Stevens Handbook of Experimental Psychology and Cognitive Neuroscience Methodology

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V. Methodology: E. J. Wagenmakers (Volume Editor) Topics covered include methods and models in categorization; cultural consensus theory; network models for clinical psychology; response time modeling; analyzing neural time series data; models and methods for reinforcement learning; convergent methods of memory research; theories for discriminating signal from noise; bayesian cognitive modeling; mathematical modeling in cognition and cognitive neuroscience; the stop-signal paradigm; hypothesis testing and statistical inference; model comparison in psychology; fmri; neural recordings; open science; neural networks and neurocomputational modeling; serial versus parallel processing; methods in psychophysics.

Proceedings of the 4th International Conference on Applications in Nonlinear Dynamics ICAND 2016

Author : Visarath In
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This book presents collaborative research works carried out by experimentalists and theorists around the world in the field of nonlinear dynamical systems. It provides a forum for applications of nonlinear systems while solving practical problems in science and engineering. Topics include: Applied Nonlinear Optics, Sensor, Radar & Communication Signal Processing, Nano Devices, Nonlinear Biomedical Applications, Circuits & Systems, Coupled Nonlinear Oscillator, Precision Timing Devices, Networks, and other contemporary topics in the general field of Nonlinear Science. This book provides a comprehensive report of the various research projects presented at the International Conference on Applications in Nonlinear Dynamics (ICAND 2016) held in Denver, Colorado, 2016. It can be a valuable tool for scientists and engineering interested in connecting ideas and methods in nonlinear dynamics with actual design, fabrication and implementation of engineering applications or devices.>

Neuroscience for Psychologists

Author : Marc L. Zeise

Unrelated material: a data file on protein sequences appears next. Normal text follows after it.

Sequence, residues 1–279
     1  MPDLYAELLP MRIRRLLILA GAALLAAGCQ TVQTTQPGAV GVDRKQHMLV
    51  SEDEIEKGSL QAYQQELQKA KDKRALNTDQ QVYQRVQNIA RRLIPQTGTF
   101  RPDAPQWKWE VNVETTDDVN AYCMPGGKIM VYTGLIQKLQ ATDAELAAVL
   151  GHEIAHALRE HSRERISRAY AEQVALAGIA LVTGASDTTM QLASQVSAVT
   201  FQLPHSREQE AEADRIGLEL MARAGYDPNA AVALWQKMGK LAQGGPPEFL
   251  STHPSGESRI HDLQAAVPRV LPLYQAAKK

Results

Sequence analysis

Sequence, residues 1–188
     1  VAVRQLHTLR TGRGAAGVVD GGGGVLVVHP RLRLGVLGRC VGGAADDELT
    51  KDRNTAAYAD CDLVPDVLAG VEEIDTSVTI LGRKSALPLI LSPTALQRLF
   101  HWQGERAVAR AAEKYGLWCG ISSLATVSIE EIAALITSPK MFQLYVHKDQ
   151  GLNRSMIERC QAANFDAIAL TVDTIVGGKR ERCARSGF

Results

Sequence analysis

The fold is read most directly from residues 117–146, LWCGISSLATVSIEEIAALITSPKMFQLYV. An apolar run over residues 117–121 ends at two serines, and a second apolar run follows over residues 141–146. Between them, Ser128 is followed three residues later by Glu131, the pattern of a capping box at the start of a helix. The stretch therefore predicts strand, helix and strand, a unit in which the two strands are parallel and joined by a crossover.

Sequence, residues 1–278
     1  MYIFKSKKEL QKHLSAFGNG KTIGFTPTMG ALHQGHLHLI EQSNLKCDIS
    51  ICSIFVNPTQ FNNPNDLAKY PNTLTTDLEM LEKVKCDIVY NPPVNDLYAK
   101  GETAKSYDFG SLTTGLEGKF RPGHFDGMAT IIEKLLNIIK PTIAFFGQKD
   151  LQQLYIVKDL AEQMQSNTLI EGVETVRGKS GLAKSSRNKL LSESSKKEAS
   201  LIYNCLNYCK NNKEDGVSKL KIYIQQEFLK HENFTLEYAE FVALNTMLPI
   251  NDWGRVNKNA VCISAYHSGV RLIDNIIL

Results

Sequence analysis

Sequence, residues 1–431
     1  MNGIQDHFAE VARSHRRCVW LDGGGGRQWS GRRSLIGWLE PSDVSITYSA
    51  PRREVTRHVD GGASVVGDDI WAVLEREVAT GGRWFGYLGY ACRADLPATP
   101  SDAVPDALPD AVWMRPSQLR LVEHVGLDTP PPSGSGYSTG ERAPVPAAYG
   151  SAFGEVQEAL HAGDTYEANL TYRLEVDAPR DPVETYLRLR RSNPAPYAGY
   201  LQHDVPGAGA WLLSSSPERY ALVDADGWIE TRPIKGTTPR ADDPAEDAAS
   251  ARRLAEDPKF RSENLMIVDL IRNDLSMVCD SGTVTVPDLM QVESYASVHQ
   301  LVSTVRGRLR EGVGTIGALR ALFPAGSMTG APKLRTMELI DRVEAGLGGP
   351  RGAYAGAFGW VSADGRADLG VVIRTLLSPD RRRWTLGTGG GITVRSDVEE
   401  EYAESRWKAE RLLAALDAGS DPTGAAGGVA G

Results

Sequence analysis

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This textbook is intended to give an introduction to neuroscience for students and researchers with no biomedical background. Primarily written for psychologists, this volume is a digest giving a rapid but solid overview for people who want to inform themselves about the core fields and core concepts in neuroscience but don’t need so many anatomical or biochemical details given in “classical” textbooks for future doctors or biologists. It does not require any previous knowledge in basic science, such as physics or chemistry. On the other hand, it contains chapters that do go beyond the issues dealt with in most neuroscience textbooks: One chapter about mathematical modelling in neuroscience and another about “tools of neuroscience” explaining important methods. The book is divided in two parts. The first part presents core concepts in neuroscience: Electrical Signals in the Nervous System Basics of Neuropharmacology Neurotransmitters The second part presents an overview of the neuroscience fields of special interest for psychology: Clinical Neuropharmacology Inputs, Outputs and Multisensory Processing Neural Plasticity in Humans Mathematical Modeling in Neuroscience Subjective Experience and its Neural Basis The last chapter, “Tools of Neuroscience” presents important methodogical approaches in neuroscience with a special focus on brain imaging. Neuroscience for Psychologists aims to fill a gap in the teaching literature by providing an introductory text for psychology students that can also be used in other social sciences courses, as well as a complement in courses of neurophysiology, neuropharmacology or similar in careers outside as well as inside biological or medical fields. Students of data sciences, chemistry and physics as well as engineering interested in neuroscience will also profit from the text.